While Kelani Dungca started out as a human resources recruiter, employers quickly picked up on her inquisitiveness and tenacity — essential skills for a private eye.
Private investigator Kelani Dungca loves puzzles and logic games.
“I’ve always been drawn to detective work,” she told USC Online.
Now, through USC Bovard College’s online Master of Science in Criminal Justice program, Dungca is solving how to expand her skills and understanding of complex social and judicial issues.
Dungca credits the convenience of the program — which can be completed in either one or two years — as well as its supportive faculty for allowing her to earn the degree without having to take time off from her career caseload.
“My boss has also been very encouraging,” she said.
“It’s hard work,” Dungca added about the program — but more than worth the long hours.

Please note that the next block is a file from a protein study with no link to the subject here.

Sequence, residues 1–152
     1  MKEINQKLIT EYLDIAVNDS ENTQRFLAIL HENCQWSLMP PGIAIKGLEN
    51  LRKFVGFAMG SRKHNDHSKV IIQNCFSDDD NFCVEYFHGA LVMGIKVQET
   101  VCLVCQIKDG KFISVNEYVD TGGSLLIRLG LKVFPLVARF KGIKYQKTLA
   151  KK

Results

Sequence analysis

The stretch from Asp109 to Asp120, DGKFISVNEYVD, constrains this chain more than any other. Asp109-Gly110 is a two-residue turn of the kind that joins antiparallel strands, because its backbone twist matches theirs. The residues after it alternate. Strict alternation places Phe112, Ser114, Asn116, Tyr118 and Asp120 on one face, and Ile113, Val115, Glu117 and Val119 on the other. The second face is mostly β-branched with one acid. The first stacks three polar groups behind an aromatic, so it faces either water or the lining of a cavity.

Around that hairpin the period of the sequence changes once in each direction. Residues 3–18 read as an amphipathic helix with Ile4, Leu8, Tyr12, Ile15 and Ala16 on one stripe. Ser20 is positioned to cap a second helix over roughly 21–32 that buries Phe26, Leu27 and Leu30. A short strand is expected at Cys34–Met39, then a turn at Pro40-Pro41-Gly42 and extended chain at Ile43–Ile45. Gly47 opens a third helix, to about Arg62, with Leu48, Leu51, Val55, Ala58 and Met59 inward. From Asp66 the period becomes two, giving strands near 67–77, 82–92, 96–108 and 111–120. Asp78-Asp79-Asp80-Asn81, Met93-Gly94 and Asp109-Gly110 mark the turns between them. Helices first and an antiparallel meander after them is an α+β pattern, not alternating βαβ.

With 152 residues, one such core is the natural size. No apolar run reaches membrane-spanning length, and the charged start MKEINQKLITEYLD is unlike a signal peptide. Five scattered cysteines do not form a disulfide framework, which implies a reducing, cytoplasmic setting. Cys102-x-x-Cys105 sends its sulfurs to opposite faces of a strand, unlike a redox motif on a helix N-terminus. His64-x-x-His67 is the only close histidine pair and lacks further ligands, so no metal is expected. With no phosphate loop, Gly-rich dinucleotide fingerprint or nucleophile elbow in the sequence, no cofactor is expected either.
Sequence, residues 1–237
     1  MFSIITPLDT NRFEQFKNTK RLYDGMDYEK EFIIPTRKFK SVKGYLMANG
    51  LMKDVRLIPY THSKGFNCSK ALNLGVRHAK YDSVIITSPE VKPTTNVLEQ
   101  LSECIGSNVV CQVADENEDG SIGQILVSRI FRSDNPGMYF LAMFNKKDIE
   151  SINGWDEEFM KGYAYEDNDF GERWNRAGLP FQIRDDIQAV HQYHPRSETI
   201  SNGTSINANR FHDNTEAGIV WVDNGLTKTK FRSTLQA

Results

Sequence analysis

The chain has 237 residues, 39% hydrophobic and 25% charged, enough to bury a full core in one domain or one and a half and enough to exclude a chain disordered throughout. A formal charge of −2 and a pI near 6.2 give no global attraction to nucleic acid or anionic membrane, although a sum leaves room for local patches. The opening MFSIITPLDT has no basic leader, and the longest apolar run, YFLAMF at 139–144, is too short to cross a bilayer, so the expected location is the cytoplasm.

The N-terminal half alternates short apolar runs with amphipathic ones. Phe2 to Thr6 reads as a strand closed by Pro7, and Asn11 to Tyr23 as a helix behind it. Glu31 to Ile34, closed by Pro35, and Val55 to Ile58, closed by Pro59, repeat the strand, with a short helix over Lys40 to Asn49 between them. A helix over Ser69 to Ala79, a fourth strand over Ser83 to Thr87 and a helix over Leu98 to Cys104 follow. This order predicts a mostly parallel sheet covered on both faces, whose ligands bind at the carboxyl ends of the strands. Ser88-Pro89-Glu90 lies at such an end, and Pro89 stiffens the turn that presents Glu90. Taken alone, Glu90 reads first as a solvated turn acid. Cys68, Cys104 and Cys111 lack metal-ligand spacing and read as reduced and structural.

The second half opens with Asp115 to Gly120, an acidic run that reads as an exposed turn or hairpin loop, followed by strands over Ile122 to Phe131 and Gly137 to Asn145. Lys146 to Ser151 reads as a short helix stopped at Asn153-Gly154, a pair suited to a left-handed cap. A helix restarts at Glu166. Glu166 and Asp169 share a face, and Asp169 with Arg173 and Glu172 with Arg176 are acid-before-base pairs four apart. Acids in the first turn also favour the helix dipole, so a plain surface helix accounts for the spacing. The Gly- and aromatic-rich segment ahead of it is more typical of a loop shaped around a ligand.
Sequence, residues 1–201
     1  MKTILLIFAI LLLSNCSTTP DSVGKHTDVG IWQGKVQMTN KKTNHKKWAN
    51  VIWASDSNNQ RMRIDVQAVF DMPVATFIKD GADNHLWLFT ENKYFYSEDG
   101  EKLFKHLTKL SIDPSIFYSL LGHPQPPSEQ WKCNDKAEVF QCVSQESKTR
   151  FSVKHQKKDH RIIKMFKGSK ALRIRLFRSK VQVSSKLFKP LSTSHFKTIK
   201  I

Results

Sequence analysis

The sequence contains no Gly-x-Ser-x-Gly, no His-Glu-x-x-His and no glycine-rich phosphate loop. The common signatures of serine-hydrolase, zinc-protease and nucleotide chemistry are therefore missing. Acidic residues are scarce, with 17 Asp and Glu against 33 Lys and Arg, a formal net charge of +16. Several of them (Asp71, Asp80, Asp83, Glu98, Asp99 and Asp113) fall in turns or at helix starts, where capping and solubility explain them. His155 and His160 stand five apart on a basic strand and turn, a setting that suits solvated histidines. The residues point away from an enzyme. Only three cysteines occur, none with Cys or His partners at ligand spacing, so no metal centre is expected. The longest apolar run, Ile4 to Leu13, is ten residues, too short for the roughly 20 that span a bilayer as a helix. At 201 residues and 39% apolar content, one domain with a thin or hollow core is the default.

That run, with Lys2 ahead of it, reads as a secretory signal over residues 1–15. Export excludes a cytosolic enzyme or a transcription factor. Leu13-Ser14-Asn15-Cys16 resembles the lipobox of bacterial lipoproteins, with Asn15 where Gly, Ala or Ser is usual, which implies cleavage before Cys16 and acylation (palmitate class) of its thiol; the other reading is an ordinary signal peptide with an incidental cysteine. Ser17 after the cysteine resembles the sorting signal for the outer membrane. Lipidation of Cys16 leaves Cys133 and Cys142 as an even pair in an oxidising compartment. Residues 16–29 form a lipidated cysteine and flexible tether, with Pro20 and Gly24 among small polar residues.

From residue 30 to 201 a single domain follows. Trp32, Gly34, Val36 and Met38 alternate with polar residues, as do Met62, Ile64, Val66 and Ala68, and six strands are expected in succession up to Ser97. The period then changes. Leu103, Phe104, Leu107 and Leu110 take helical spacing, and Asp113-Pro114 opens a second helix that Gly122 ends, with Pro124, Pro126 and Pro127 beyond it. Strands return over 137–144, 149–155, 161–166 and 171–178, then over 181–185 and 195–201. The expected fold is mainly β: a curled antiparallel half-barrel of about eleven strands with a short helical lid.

Whether in the public sector or the private realm, detective work remains a male-dominated profession. But Dungca is helping change that through example, including by being an ambassador for the criminal justice program and sharing her experiences with prospective students. Through her ambassadorship, she has found a receptive audience.
“There’s definitely more interest in criminal justice because of current events and people wanting to get involved,” she explained. “They want to know more about the criminal justice system and how it can be changed.”
Finding Her Future
After earning her bachelor’s degree in communications from Loyola Marymount University, Dungca worked as a human resources recruiter. Even then, however, she was forging her current career path.
“A lot of recruiting is finding people,” she noted.
From the beginning, employers noticed her inquisitiveness and tenacity — essential skills for an investigator. She particularly excelled at finding candidates for the most difficult-to-fill positions.
After mastering the Boolean-search techniques vital for sifting through vast amounts of information to find ideal job candidates, Dungca wanted to pursue a more direct form of investigation.